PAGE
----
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Sunday, 4 March, 2001, 13:45 GMT
By Richard Galpin in central Kalimantan
It was probably the tenth checkpoint we had been through that day.
The makeshift barricades, made from felled trees, oil drums and burning tyres, had been set up on almost every road in the heart of this province.
Men armed with an array of traditional weapons were checking all vehicles to ensure there were no migrants from Madura on board.
If so they would have been dragged out and killed without a moment's hesitation.
On most occasions the indigenous Dayak people manning the barricades had smiled and given us the thumbs-up when they realised we were foreign journalists.
They were both excited and proud of what they were doing here - killing and driving out the migrant community.
Many wanted to shake our hands.
But at this particular checkpoint on a dirt track approaching a town called Perenggean, they were more suspicious.
As usual we wound down the windows to show who we were and wish them good day.
One man with glazed eyes and a machete in his hand began talking to me in Indonesian.
Out of habit I simply nodded - pretending I knew exactly what he meant.
But as I did so he became more animated - repeating what he had just said.
I kept on nodding politely until one of my colleagues - who is fluent in Indonesian - finally realised what was happening and quickly intervened.
We were allowed through the checkpoint and drove away at speed.
It was a salutary lesson - and not just in the dangers of having only a little knowledge of a foreign language.
It is clear the desire to kill is consuming the Dayaks in this province.
Even now as I write this there are probably hundreds of armed men searching the jungle - hunting down the Madurese who have been in hiding since the attacks began two weeks ago.
And there is no doubting what their fate will be if they are caught - they will be stabbed and hacked to death with machetes and spears.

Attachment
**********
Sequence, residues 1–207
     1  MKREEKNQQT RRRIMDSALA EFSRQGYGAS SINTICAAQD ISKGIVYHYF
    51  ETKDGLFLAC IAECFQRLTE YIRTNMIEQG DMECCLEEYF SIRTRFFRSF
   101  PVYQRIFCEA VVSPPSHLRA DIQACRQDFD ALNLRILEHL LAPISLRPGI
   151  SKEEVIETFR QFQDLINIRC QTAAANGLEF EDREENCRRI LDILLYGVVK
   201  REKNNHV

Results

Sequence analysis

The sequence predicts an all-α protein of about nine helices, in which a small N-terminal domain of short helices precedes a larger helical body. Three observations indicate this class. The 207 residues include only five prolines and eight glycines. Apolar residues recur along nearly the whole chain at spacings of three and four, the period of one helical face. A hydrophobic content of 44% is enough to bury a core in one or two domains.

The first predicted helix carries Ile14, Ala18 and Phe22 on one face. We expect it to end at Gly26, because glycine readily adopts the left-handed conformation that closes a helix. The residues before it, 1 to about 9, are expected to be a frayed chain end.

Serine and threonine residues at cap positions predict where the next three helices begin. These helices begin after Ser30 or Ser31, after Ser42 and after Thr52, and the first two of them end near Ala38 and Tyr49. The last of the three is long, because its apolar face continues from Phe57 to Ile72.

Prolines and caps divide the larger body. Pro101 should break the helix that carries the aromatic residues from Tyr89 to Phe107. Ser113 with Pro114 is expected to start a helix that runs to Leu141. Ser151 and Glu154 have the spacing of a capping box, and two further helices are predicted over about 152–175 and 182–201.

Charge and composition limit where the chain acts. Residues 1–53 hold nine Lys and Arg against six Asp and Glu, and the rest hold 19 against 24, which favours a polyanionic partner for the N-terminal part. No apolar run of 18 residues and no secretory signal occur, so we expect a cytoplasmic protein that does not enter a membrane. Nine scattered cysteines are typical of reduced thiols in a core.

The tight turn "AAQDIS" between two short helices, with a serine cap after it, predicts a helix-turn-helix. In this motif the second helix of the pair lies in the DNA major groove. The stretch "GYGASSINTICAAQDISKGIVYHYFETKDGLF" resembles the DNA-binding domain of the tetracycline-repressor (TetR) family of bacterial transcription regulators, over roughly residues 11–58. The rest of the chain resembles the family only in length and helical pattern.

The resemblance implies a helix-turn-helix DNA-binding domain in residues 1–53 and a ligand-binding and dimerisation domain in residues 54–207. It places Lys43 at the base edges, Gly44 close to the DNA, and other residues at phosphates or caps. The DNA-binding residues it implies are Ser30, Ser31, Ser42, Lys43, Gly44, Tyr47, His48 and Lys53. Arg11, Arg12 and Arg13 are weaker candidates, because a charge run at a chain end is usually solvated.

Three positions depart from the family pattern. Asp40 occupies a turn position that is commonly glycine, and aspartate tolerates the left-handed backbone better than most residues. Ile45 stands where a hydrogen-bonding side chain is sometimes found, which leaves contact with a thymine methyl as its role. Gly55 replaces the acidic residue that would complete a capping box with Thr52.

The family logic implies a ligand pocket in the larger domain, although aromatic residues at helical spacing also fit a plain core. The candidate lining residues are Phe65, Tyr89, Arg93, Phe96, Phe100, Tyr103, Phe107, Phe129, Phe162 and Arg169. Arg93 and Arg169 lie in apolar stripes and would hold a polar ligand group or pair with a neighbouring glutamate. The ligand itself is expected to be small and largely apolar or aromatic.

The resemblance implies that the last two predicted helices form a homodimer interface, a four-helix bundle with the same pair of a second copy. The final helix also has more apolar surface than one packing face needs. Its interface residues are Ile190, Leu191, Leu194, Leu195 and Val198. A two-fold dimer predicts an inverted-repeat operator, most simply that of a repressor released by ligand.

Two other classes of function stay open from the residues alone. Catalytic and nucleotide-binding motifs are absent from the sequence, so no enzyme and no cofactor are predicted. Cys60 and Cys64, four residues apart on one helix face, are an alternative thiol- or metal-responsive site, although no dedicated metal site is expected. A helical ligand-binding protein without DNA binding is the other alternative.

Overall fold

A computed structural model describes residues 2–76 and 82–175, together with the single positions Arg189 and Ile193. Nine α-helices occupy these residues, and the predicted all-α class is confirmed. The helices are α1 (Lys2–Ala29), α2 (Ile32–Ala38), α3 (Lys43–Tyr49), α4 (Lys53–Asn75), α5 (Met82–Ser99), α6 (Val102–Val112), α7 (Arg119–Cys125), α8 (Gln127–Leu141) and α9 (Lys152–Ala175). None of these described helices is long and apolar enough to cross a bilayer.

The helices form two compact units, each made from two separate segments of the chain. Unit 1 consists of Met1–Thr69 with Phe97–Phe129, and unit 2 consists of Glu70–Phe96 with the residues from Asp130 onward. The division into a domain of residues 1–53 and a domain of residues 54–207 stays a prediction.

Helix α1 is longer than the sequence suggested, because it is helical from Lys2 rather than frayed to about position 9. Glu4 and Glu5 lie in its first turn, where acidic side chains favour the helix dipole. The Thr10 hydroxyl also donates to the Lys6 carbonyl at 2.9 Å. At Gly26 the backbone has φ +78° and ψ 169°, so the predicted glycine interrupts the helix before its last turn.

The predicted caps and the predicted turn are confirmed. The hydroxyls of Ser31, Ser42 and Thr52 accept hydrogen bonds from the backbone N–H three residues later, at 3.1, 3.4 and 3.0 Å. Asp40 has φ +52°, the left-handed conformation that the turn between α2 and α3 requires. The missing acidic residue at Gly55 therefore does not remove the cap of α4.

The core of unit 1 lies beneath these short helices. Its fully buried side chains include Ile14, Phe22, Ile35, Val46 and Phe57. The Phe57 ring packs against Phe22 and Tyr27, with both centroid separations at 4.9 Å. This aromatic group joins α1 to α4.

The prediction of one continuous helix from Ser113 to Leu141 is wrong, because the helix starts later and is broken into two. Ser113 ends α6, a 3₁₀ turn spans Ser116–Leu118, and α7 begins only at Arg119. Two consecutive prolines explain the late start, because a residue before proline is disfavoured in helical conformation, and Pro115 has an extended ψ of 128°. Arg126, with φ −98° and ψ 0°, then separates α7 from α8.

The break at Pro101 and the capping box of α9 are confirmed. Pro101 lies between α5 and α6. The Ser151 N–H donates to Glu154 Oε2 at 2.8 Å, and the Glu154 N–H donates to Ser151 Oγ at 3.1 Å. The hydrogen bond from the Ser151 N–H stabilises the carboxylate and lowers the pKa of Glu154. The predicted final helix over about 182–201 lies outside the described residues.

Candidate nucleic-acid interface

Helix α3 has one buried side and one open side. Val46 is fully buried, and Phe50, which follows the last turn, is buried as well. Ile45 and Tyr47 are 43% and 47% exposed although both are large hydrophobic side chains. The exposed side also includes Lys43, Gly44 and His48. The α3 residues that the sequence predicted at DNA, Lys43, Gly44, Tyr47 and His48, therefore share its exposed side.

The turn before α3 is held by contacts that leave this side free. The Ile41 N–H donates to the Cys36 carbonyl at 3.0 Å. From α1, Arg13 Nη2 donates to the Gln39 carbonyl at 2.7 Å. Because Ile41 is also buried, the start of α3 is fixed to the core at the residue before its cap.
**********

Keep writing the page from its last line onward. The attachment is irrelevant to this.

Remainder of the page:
Some will be decapitated - the heads kept as trophies - as is the custom of the Dayak people.
Officially it is now known that in total more than 400 people have been killed so far in this outburst of ethnic violence.
But many more bodies may be lying in the jungle, which will never be found.
Of all the images I shall take away with me of what has happened in central Kalimantan over the past few days, there is one which will never fade from my memory.
It is from the day we arrived in the province and managed to reach the town of Sampit, where the killings began.
We had gone to a run-down hotel which had become the unofficial headquarters of the Dayak fighters.
The atmosphere was hostile. But we were allowed through to the entrance, as we said we wanted to interview a Dayak leader.
A man called Andung Rachmat duly appeared, describing himself as the guest relations officer.
With a smile - which at any other time would have been charming - he freely admitted that the Dayaks would continue the slaughter until all the migrants from Madura had been forced out of this province.
And at that moment - almost precisely on cue - a pick-up truck full of Dayak fighters came round the corner towards the hotel.
They were making the traditional war cry.
Just as the truck passed us, one of the fighters inside bent down to pick something up and hold it aloft for us all to see.
It was a freshly-severed head - the skin turned grey in death.
But the more pressing issue right now is how all this can be stopped.
The government certainly does not have any real answers.
All it has done so far is to send more and more troops and police to the region - who have failed to intervene to stop the violence.
Instead for the most part they have stood by and watched.
The only substantial role they have played to date has been to protect the 20,000 or so refugees in Sampit from further attack.
They have also helped escort some migrants from their hiding-places in the jungle to the camps.
So it seems the authorities are prepared to accept this particularly brutal and successful campaign of ethnic cleansing.
They are after all providing the ships which are transporting thousands of migrants away from Kalimantan altogether.
And as the migrants leave, the Dayaks are burning down their houses and shops - to eradicate permanently all traces of their community from this province.
Now Dayaks in other parts of Kalimantan must be wondering if they too could achieve what has been done in this central province.
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